June 15, 2013

What he said

 From a recent address by Pope Francis to newly appointed ambassadors to the Vatican:
The worship of the golden calf of old (cf. Ex 32:15-34) has found a new and heartless image in the cult of money and the dictatorship of an economy which is faceless and lacking any truly humane goal.
...human beings themselves are nowadays considered as consumer goods which can be used and thrown away. We have started a throw-away culture. This tendency is seen on the level of individuals and whole societies; and it is being promoted! In circumstances like these, solidarity, which is the treasure of the poor, is often considered counterproductive, opposed to the logic of finance and the economy. While the income of a minority is increasing exponentially, that of the majority is crumbling. This imbalance results from ideologies which uphold the absolute autonomy of markets and financial speculation, and thus deny the right of control to States, which are themselves charged with providing for the common good. A new, invisible and at times virtual, tyranny is established, one which unilaterally and irremediably imposes its own laws and rules. Moreover, indebtedness and credit distance countries from their real economy and citizens from their real buying power. Added to this, as if it were needed, is widespread corruption and selfish fiscal evasion which have taken on worldwide dimensions. The will to power and of possession has become limitless.
Read the rest here.

WHAT A SURPRISE. Locking kids up in juvenile prisons doesn't do a whole lot of good.

BE THERE IF YOU CAN. Here are op-eds by the Rev. Ron English and the Rev. David Fryson about the upcoming celebrations of the African American contribution to WV's first 150 years that will take place June 16-19. Details are in the links. If you know WV's history it's hard to deny this basic statement: no black folks, no West Virginia.


June 14, 2013

The most fateful words

When it comes to public policy debates, there is a phrase that I have been taught by bitter experience to fear, especially in my beloved home state of West Virginia. Every time I hear them, I almost break out in chills. The words in question:

It's a no brainer.
HILLARY TALKS WV. Specifically, she spoke about the Reconnecting McDowell project at a gathering in  Chicago. One wonders what this signals.

IF IT'S FRIDAY, it's time for Krugman.

DO YOU THINK YOUR LIFE IS WEIRD? Check out the life cycles of these critters.

BLACK HISTORY/WEST VIRGINIA HISTORY. If you're in or around Charleston June 16-19, check out these events celebrating Black History as we lead up to WV's 150th.


June 13, 2013

One good whack deserves another two

Earlier this week, I linked a good op-ed by E.J. Dionne on economic libertarianism. Here's another practical critique by Michael Lind and a more philosophical one from the Roosevelt Institute blog.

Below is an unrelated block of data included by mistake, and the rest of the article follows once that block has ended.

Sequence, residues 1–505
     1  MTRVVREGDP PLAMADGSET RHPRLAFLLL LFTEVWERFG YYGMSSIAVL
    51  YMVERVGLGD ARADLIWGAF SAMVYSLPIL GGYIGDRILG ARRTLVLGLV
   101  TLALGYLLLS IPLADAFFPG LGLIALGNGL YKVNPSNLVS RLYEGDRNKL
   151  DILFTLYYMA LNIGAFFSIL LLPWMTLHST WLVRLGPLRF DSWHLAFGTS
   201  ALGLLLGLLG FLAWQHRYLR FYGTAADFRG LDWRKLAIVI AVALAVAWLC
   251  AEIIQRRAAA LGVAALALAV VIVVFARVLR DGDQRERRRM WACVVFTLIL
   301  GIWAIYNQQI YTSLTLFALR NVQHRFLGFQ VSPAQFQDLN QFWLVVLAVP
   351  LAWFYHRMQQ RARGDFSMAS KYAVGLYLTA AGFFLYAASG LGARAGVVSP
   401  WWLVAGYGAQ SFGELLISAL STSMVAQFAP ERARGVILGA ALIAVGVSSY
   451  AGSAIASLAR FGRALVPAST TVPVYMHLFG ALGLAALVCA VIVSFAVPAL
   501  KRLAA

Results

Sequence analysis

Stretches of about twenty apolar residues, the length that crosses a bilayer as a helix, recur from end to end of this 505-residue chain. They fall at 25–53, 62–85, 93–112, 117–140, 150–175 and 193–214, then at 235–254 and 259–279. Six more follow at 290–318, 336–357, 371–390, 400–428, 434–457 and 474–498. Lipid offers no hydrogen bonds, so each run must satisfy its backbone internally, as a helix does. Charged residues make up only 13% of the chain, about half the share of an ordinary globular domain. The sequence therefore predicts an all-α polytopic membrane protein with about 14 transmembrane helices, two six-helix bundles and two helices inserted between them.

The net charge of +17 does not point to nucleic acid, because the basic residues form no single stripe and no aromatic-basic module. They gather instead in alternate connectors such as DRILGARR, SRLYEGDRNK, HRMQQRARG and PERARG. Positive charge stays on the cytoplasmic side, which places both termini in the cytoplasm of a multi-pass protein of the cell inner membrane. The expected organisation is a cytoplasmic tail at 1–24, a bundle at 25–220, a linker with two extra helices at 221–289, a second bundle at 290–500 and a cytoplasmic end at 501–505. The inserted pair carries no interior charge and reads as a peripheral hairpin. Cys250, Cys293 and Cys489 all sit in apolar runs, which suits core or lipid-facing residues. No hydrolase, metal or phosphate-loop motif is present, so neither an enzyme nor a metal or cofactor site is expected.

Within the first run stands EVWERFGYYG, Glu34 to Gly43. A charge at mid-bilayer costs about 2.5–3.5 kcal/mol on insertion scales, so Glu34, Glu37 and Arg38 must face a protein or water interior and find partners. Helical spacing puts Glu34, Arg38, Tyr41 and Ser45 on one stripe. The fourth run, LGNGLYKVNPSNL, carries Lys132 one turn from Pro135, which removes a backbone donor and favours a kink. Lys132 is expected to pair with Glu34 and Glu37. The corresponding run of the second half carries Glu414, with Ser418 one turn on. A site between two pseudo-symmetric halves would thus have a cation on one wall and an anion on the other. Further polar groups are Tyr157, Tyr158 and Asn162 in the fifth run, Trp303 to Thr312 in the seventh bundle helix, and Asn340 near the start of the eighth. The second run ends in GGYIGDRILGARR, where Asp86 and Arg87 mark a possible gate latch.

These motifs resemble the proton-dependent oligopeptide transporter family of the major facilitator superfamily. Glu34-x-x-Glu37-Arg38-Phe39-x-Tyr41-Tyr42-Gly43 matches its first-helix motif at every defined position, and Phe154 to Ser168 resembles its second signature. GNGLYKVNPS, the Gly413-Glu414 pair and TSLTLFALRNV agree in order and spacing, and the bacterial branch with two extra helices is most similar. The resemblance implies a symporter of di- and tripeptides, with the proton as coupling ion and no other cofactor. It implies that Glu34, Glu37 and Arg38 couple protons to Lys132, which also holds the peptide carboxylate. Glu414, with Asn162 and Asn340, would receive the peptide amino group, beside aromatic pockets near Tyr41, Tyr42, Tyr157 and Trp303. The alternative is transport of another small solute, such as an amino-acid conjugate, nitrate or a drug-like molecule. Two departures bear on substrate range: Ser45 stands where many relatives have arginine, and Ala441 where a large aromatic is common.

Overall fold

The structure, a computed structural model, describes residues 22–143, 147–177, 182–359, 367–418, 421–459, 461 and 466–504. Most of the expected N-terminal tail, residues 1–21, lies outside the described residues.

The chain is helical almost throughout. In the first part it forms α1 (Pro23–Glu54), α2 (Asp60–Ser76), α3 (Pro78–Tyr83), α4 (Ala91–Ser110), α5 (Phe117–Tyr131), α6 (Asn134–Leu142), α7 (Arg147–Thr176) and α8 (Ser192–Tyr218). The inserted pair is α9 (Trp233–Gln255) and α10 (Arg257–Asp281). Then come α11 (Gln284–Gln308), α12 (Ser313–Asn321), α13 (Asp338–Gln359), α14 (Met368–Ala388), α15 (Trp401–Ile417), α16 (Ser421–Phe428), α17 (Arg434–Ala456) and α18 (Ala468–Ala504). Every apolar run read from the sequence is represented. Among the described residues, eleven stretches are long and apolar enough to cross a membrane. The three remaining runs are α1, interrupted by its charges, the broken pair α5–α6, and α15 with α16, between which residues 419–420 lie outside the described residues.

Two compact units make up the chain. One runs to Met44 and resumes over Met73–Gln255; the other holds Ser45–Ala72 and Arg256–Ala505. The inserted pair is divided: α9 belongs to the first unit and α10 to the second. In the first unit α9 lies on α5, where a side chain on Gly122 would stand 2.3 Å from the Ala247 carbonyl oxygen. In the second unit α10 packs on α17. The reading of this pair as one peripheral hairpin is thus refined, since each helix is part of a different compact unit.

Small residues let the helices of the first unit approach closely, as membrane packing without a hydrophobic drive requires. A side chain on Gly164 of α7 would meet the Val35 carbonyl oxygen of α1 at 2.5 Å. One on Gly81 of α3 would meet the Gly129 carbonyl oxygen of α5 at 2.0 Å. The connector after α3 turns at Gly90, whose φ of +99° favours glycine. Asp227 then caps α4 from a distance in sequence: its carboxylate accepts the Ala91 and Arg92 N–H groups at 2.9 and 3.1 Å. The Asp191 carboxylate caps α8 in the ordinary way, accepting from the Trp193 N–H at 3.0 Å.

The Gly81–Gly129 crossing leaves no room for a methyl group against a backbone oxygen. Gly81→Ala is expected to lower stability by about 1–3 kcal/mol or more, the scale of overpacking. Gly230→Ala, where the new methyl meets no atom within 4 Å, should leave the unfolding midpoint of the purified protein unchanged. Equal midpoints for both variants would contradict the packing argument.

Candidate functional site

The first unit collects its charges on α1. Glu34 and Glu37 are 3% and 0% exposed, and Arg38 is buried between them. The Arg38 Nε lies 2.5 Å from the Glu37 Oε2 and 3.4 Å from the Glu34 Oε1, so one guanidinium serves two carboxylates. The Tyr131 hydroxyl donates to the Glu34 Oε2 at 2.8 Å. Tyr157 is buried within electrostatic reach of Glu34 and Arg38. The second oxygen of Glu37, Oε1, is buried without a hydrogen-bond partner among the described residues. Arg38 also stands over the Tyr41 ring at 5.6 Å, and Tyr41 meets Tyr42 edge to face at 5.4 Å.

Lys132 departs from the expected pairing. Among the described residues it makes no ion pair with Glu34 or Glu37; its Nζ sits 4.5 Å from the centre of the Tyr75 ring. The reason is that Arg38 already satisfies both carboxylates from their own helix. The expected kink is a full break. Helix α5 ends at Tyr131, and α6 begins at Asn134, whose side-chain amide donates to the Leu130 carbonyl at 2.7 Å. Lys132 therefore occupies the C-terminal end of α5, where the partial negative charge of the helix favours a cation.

WHILE WE'RE AT IT, this column by economist Dean Baker points out that the latest free trade deal, like many before it, is mostly not about trade. And certainly not about democracy.

MR. MOJO RISIN.  The Spousal Unit has been bugging me for a week to put up a link about a newly discovered bearded lizard species (extinct, alas) that has just been named after Doors lead singer Jim Morrision. It's full name is Barbaturex morrisoni. I'm trying to think up some appropriate Doors lyric, but the closest I can come up with is "ride the snake" from The End.


June 11, 2013

Short haul

I am running around a lot today but did manage to find enough time to pass on this column by E.J. Dionne Jr. on one of my favorite punching and kicking bags, to wit economic libertarianism. As Dionne points out, one problem with that ideology is that it exists nowhere in the world. And that's a good thing.

ONE MORE ENCOURAGING THIING about WV is the dedication of some professionals to provide and improve child nutrition after the school day and beyond the school year. One example highlighted here is the Summer Food Service Program.



June 10, 2013

Another good step

I'm a little slow on the uptake sometimes. Here's just one example. Lots of people I know and respect have been stressing the importance of early childhood education in combating poverty and a host of ills. I was generally for it, but it took me a while to really get it.

This is also an area in which West Virginia is something of a natural leader. It has made significant progress over the last few years and recently passed legislation to take it further. Governor Tomblin has appointed a task force to look for further improvements. For once, state leaders are even saying nice things about federal policies the Obama administration is promoting.

As important as pre-kindergarten education is, there's a lot of research that suggests that the first two years of life are critical for brain development and for all kinds of later outcomes. This New Republic article does a good job of summing it up. I hope WV picks up on some policies that can help parents through this period, such as voluntary home visiting programs by social workers or nurses and other steps to improve the quality of child care.

 Ideally, the visiting program could begin with pregnancy and continue for the first few years, building a relationship with the infant and the parent or parents and offering support, advice and coaching. It could head off a lot of trouble down the road.

June 09, 2013

I never said they were smart

Video credit: the Spousal Unit.

I have previously mentioned that we have two mature...make that adult...male turkeys at Goat Rope Farm. They are more concerned with their romantic rival than with the females. Sometimes,they are also concerned about their own reflections, as this video demonstrates.